And just like that, Anberlin's impressive run has come to an end. While it's still tough to swallow that the Tooth & Nail legends are hanging it up at the year's end, it's still gratifying to hear one final batch of material, and Lowborn is the satisfying result. In many ways, it seems to follow the same alternative rock course that Anberlin's always taken; the guitars feel aggressive, Stephen Christian's vocals exercise their full range, and every track is easily differentiated from the others while still keeping the album cohesive. But yet it's unlike any of the band's previous albums on an experiential level. Pulling out all of the stops, Anberlin opted to take more risks than might have been expected, and they largely pay off. The new wave influence comes out in full force on "Stranger Ways," "Atonement," "Birds of Prey," and "Harbinger," while "We Are Destroyer," "Hearing Voices," and "Dissenter" are some of the most intense tracks of Anberlin's career (with the latter even featuring a hefty dose of screaming from Christian). The overall concept is unique, and this being the band's seventh album, it's surprisingly both uncharacteristic of and exactly what listeners could have expected. This early on, there's a certain finality to Lowborn that increases its intrinsic value from the start, but since Anberlin has always been a group to keep challenging themselves creatively, these ten tracks represent the band's remarkable growth in demonstrative forms. Showcasing the concepts that Anberlin has always been known for--risk, power, and heart--Lowborn is essential listening for the year, and it's shaping up to be a deserving swan song for a beloved band... --->

- Preview Review date: 7/2/14, Review date: 7/20/14, written by Roger Gelwicks of

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JFH Staff's Second Opinion

Anberlin is a group that captured our hearts in 2003 with their debut Blueprints For the Black Market and cemented that love with their follow-up, Never Take Friendship Personal. Even when they made a weaker album like New Surrender, the guys were still doing it better than most and provided an enjoyable experience. 2014 finds the guys releasing their final album in Lowborn. One listen proves it's apparent that Anberlin is going out on their own terms. Instead of harkening back to the Cities-era sound most fans love so much, they have instead opted for an 80's dominated sound with a strong dose of new wave influence. While I was hoping for a little more than 10 tracks for their final go-around, Stephen Christian and company have offered up a solid collection of tunes nonetheless. "We Are Destroyer" is a solid rocker that opens the record with great energy, but the 80's vibe creeps in quickly with "Armageddon." The top song for me is "Velvet Covered Brick." Anberlin mixes the rocking sound they are known for into the chorus and slows the verse to a calmer 80's feel that meshes nicely with the rest of the album. The only song that really becomes an auto skip is the somewhat industrial feel of "Dissenter." Christian's continuous scream throughout the entire songs grows old very soon (This is coming from a big metal fan too) and the track itself just seems to stick out from the rest of the bunch. On top of strong tunes are great messages in the lyrics. Just take a look at "Atonement" for a good example. While this isn't the Anberlin album the selfish fan in me wanted for their grand finale, it's a really nice send-off regardless and it's nice to see them go out the way they wanted. While it's doubtful that this will become most fan's favorite record, it will be one that every Anberlin fan should enjoy. July 22, 2014 will be a sad day for many, but we should focus on all of the joy Anberlin has brought us over the past 11 years instead of the sadness of their departure. On a final note… If you have never been to an Anberlin show, you should definitely try to catch them on their final tour. It will be well worth the price of admission. - Review date: 7/20/14, Michael Weaver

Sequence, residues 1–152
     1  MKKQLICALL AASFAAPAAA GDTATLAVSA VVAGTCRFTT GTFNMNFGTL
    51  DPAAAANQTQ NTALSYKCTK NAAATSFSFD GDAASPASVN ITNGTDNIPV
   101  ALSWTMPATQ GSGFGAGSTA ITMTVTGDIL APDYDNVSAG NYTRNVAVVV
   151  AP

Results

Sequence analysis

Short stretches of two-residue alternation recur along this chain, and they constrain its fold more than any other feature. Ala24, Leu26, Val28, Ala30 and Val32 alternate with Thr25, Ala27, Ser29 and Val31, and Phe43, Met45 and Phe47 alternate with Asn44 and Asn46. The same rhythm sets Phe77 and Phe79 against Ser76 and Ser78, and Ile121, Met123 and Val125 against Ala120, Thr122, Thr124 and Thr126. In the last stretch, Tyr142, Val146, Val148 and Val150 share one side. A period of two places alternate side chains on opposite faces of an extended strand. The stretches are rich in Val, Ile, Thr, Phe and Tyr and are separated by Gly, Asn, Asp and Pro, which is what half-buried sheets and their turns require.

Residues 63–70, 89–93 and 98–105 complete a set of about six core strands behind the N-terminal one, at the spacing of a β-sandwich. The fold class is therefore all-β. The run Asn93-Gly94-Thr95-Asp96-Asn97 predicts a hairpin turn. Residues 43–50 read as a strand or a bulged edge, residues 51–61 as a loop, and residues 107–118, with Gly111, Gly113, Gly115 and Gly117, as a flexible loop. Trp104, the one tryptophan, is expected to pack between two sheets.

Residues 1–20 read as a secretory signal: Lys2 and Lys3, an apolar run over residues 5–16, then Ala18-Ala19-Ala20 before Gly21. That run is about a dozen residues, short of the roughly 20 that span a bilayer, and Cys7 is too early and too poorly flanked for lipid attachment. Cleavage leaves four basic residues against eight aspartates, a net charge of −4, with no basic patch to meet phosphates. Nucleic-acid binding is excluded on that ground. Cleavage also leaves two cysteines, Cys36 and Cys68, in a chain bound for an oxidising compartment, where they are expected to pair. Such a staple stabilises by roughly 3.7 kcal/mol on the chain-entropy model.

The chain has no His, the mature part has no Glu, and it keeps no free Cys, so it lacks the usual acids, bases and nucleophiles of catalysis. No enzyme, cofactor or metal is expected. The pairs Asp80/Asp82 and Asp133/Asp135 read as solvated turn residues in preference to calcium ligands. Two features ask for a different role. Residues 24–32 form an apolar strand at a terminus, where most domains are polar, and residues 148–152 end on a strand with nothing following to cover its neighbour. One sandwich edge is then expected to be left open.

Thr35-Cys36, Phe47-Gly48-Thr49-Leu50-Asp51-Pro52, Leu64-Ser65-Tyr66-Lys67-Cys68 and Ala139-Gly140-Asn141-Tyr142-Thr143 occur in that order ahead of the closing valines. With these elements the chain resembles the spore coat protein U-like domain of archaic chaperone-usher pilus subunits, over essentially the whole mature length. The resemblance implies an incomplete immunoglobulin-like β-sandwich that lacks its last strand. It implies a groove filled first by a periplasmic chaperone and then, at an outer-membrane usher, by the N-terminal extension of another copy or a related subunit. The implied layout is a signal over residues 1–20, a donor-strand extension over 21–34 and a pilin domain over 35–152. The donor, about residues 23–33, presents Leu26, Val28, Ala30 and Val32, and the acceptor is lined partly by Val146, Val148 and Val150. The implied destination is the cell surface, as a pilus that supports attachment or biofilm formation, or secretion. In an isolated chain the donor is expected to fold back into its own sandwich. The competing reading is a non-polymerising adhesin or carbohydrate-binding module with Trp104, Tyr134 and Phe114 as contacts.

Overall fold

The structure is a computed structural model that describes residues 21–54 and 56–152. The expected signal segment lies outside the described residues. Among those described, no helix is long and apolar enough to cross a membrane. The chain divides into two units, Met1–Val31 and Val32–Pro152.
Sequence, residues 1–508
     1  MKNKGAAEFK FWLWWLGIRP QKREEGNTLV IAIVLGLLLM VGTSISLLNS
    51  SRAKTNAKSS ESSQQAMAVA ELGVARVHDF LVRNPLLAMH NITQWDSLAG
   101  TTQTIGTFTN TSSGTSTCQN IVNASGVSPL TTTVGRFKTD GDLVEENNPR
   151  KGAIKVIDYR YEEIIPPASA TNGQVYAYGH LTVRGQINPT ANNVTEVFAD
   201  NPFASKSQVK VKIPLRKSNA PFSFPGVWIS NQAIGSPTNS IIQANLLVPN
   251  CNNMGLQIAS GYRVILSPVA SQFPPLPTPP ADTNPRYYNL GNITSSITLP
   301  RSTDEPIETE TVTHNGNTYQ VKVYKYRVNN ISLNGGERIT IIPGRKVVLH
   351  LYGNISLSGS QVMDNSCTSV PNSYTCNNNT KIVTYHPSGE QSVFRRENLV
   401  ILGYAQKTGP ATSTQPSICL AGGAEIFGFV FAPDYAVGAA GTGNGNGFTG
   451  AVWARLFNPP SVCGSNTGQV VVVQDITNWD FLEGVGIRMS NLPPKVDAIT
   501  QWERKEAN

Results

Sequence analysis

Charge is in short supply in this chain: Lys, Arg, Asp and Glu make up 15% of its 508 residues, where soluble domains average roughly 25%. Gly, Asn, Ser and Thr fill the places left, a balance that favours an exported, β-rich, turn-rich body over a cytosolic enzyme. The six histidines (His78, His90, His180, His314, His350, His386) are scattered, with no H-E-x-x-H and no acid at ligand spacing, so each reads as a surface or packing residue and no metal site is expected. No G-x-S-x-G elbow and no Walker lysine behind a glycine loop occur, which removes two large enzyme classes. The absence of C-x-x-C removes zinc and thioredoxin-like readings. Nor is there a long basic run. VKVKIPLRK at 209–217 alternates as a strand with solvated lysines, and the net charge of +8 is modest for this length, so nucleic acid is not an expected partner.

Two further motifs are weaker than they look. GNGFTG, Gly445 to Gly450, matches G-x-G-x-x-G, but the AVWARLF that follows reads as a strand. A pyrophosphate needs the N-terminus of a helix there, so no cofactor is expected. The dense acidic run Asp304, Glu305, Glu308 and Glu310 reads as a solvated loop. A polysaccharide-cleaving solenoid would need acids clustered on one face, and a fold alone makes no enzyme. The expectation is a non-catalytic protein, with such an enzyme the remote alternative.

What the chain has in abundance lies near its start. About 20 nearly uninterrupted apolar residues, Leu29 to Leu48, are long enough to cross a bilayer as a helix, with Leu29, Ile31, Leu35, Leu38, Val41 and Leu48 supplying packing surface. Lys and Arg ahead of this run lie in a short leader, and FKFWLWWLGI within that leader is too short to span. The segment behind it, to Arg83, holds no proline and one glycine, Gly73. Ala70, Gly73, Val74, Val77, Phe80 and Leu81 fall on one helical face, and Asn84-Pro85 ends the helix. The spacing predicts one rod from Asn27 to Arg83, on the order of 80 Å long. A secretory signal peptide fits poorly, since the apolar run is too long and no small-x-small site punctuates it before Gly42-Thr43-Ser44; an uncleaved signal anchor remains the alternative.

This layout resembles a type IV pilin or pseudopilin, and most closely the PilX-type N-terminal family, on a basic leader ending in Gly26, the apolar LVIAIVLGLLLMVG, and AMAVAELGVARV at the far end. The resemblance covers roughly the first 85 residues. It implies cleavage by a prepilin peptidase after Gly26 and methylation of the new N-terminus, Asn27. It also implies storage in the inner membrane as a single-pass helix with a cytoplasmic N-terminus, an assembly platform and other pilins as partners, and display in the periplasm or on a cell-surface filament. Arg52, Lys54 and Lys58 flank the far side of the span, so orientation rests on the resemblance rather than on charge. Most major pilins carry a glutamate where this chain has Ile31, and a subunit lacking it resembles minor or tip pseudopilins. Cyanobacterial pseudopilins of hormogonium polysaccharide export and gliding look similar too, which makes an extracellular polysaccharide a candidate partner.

JFH Staff's Additional 2 Cents

    Saying goodbye is never easy when it's to something or someone close to your heart. When you've followed a band for over a decade and their music has been a soundtrack for a significant part of your life, it's especially bittersweet when a band releases a final album and announces one last tour for a long final bow. "Bittersweet" is the best way to sum up Lowborn, the band's last batch of 10 new songs. With it also being the band's shortest album, there's a definite sense of finality to it, with the earnestness of their previous album, Vital, notably missing here. It's a mostly calm and pensive finale, with highlights like the rocker "We Are Destroyer" and the restrained "Armageddon," "Hearing Voices" and "Birds of Prey." The album is largely influenced with New Wave, 80's synth-based stylings, but it works for the somber tone of the album. The only blight, and arguably so, is the fast and furious "Dissenter" which sounds like it wandered onto the wrong album from the B-sides bin. On a different album, it might be seen as exploration and something different for Anberlin, but on an album that's mostly subdued and melodic, it feels obnoxious. Still, by the time the closer "Harbinger" sounds, it's a farewell kiss that lingers. This may not be the mighty bow-out that all fans were hoping for, but it's easily some of the best alt rock of the year, regardless. - 7/20/14, John DiBiase of